AZORA'DO NAVIO, a (hip that fails 
ill, becaufe it is ill ftow'd. 

AZORA'DO, DA, p. p. of 

AZORA'R, V. a. to il:ike fear or ter- 
ror into any one. 

AZORE'RO, {. m. a thiefs com- 

AZORRAMIE'NTO, f. m. the fluff- 
ing of the head ; alfo heavinefs. 

AZORR.VDO, DA, p. p. of 

AZORRA'RSE, to be heavy and dull 
in the head ; alfo to be in liquor. 

AZOTACA'LLES, one who is always 
walking about the ftreets. 

AZOTADO, DA, p. p. of azotar. 

AZOTADO'R, (. m. the perlbn who 

AZOTAR, V, a. to whip, to ilrike with 

AZOTAZO, f. m. the blow of a 

v.iiip, or hilhes. 
AZOTE, f m. a lafh, a whip. 
AZOTE'A, f. f. a gallery in a houfe 

where they walk to fun themfelves. 

AZOTO'N, f. m. a great whip. 

A Z R 

AZRE, the maple-tree. 
A Z U 

AZU'CAR, fugar. Líún /acííarum. 

Azúcar piedra, or azúcar candi, fugar- 

AZUCARA'R, v. a. to fweeten any 
thing with fugar. 

AZüCARA'DO, DA, p. p. 

AZUCARA'R, metaph. to give a per- 
fon fine fweet words. 

AZUCARE'RO, f. m. a veflel to hold 

AZUCE'NA, ff. a lily. Arniici. 

AZU'D, {. f the place where water 
•begins to run into the channels.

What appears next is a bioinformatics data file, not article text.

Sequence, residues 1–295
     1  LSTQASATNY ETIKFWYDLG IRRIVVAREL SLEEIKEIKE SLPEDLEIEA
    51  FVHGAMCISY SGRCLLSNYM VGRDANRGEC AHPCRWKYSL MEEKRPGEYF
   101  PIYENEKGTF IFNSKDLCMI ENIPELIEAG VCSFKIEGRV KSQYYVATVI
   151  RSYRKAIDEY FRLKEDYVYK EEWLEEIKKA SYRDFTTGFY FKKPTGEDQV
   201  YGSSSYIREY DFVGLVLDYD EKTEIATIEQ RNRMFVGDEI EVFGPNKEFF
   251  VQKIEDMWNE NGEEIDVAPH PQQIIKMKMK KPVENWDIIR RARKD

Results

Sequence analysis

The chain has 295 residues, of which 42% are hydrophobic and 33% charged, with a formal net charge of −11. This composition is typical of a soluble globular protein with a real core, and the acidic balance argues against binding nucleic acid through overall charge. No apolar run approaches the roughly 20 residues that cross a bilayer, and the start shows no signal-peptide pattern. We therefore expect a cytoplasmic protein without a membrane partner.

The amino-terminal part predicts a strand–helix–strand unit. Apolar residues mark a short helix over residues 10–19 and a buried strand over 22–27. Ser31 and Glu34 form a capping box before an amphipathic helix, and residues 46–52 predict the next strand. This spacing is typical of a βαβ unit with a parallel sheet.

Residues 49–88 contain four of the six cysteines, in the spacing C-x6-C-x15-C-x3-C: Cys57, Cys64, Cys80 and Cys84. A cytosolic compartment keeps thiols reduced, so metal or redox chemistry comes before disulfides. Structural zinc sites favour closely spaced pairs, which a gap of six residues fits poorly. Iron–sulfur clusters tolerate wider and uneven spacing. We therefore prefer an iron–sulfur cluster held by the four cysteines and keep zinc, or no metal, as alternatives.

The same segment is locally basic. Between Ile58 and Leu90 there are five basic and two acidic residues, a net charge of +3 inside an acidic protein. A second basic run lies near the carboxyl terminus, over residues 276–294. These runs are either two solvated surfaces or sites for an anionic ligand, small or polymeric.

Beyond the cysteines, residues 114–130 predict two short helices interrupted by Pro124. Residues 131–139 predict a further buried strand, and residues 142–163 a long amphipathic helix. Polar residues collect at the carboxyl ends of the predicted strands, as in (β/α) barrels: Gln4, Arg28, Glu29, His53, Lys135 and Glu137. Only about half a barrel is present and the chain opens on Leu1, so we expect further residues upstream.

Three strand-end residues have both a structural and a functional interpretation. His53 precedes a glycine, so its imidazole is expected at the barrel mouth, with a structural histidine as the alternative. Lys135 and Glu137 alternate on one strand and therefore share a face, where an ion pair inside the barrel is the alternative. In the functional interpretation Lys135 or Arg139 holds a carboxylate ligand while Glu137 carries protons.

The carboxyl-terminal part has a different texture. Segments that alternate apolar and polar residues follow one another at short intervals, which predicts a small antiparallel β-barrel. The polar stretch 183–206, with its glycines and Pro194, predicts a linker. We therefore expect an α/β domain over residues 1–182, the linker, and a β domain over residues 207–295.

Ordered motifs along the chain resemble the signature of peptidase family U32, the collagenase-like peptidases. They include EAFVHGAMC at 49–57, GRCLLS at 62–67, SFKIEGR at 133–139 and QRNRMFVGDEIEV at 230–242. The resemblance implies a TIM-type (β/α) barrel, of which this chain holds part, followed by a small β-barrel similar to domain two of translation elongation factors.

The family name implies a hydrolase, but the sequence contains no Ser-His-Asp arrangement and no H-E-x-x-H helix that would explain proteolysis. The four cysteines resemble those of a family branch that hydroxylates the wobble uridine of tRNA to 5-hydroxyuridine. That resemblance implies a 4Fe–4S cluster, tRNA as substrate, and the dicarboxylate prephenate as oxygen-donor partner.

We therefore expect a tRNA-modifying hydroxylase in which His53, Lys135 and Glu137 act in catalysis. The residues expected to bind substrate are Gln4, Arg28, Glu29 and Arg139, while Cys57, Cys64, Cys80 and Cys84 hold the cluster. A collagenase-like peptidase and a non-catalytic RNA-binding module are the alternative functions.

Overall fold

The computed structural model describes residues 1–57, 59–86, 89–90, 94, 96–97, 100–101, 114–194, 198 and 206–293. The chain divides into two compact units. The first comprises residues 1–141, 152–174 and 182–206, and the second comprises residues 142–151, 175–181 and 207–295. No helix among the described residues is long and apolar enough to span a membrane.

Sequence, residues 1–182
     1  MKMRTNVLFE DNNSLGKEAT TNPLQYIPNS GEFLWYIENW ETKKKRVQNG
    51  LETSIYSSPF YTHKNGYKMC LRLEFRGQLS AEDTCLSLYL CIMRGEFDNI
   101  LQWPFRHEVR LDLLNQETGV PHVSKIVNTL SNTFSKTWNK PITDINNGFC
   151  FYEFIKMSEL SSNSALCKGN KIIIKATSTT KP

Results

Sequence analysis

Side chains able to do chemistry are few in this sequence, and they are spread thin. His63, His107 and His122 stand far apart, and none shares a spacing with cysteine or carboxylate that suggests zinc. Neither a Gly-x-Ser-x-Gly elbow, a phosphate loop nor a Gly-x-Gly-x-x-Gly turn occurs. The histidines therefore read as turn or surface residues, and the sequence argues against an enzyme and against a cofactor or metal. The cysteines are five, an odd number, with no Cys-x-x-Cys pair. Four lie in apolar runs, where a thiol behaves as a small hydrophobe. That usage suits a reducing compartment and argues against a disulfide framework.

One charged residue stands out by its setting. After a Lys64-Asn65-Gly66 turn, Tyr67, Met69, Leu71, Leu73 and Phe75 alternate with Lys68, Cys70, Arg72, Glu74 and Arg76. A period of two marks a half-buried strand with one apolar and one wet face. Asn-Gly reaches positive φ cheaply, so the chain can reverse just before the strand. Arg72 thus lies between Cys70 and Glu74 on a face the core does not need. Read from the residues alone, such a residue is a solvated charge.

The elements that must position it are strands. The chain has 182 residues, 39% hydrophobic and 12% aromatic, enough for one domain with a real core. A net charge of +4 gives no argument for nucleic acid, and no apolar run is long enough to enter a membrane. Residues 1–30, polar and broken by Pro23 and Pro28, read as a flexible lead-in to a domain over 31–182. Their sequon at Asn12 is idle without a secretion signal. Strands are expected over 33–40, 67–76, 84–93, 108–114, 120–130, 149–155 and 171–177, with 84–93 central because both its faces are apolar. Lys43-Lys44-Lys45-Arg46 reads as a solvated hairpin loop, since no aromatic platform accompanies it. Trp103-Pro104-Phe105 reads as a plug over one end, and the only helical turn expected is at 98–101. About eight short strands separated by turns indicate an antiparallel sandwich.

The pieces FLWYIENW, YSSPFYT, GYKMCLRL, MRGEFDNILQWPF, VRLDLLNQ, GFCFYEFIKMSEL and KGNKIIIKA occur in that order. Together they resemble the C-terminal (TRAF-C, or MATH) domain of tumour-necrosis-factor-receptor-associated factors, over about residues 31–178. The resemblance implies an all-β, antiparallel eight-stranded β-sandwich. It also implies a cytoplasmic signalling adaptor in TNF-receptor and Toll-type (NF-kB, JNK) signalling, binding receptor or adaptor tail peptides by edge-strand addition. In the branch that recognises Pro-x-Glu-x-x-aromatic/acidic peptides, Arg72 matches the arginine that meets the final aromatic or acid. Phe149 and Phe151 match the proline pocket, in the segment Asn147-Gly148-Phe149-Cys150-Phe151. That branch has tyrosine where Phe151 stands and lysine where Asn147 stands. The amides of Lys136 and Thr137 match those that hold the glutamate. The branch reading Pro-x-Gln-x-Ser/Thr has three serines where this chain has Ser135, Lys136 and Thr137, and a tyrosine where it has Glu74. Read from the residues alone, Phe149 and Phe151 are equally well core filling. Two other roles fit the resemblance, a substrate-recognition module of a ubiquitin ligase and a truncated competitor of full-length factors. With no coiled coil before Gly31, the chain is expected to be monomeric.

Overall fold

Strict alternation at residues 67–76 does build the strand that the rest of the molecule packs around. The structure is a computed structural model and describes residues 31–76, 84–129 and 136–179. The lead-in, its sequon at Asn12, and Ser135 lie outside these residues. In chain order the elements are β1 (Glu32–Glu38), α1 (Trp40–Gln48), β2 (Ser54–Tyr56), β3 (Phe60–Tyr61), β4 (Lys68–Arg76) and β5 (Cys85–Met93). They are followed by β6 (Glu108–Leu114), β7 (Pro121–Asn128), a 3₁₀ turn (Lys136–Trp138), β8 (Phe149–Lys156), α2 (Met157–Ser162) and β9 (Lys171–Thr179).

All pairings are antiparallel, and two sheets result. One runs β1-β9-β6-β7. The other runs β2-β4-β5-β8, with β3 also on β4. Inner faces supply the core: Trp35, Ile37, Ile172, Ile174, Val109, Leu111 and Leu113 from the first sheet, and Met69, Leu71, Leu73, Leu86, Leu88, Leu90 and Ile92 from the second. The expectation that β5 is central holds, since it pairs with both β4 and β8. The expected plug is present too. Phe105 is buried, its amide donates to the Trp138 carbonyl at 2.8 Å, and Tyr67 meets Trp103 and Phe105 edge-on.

AZUDA, f f. a large wheel ufed to 
draw water out of a river. 

AZUE'LA, f f. a little axe, or hatchet. 
Latin aciola. 

Azuela de dos manos, a cooper's aze. 

AZUFA'IFA, f f jujubs. 

AZUFA'IFO, f m. the jujub-tree. 

AZUFRADO, DA, p. p. fmok'dwith 

AZUFR A'R, v. a. to fmoke with brim- 

AZU'FRE, f m. brimftone. 

AZUL, adj. blue. 

Azid celcjic. Iky colour, 

Azid claro, light blue. 

Azul ot/curo, dark blue. 

Aziil fubido, a very dark blue. 

.■izitl turqui , dark blue. 

Azul --verde, a azul ile coflras, Iky blue, 

AZULA'DO, DA, p. p. of azulUr. 

AZULA'QUE, f. m. a fort of mor- 
tar, or cement, with which they join 
earthen-pipes, or conduits together. 

AZLTLA'R, V. a. to colour blue, 

AZULA'R, V. a. to have a bluilh caft, 
or look bluilh.